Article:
Two experiments were conducted with the aim of determining the effect of dietary lysine to energy ratio on performance of unsexed indigenous Venda chickens raised in closed confinement from day-old up to 13 weeks old. In each experiment the diets were isocaloric and isonitrogenous but with different lysine to energy ratios. A complete randomized design was used in both experiments, the starter (1-6 weeks) and grower (7-13 weeks) experiments. The three starter diets, based on lysine to energy ratios, were T0 (0.84), T1 (1.04) and T2 (1.23) g MJ-1 ME, while grower diets were T3 (0.52), T4 (0.71) and T5 (0.89) g MJ-1 ME, respectively. A quadratic type equation was used to determine ratios for optimum growth, feed conversion ratio, breast meat yield and breast meat nitrogen content. The results indicate that at each phase different dietary lysine to energy ratios optimized both growth rate and feed conversion ratio. Dietary lysine to energy ratios of 1.20 and 1.17 g MJ-1 ME supported optimum growth rate and feed conversion ratio, respectively, during the starter period. Dietary lysine to energy ratios of 0.76 and 0.84 g MJ-1 ME supported optimum growth rate and breast meat nitrogen content during the grower phase. However, a single ratio of 0.81 g MJ-1 ME supported optimum breast meat yield and optimum feed conversion ratio. Dietary lysine to energy ratio had no effect on diet intake, digestibility and carcass weight. These findings have implications on ration formulation for indigenous Venda chickens.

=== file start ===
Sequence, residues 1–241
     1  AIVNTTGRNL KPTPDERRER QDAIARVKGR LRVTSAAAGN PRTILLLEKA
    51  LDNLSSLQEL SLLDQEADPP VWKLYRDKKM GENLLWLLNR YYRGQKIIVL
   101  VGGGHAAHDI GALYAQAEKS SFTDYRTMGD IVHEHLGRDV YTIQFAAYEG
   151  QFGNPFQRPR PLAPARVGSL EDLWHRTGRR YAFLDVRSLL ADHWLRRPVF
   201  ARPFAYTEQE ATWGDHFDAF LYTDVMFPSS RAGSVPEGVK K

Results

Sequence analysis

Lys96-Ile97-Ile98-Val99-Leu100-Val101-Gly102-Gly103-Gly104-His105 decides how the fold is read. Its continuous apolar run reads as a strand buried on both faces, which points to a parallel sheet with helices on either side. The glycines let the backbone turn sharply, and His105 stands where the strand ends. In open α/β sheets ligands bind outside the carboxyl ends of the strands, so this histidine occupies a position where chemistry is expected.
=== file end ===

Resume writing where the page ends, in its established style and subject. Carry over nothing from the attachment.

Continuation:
C.A. Mbajiorgu, J.W. Ng`ambi, D. Norris and O.J. Alabi, 2011. Effect of Dietary Lysine to Energy Ratio on Performance of Unsexed Indigenous Venda Chickens. Asian Journal of Animal and Veterinary Advances, 6: 517-524.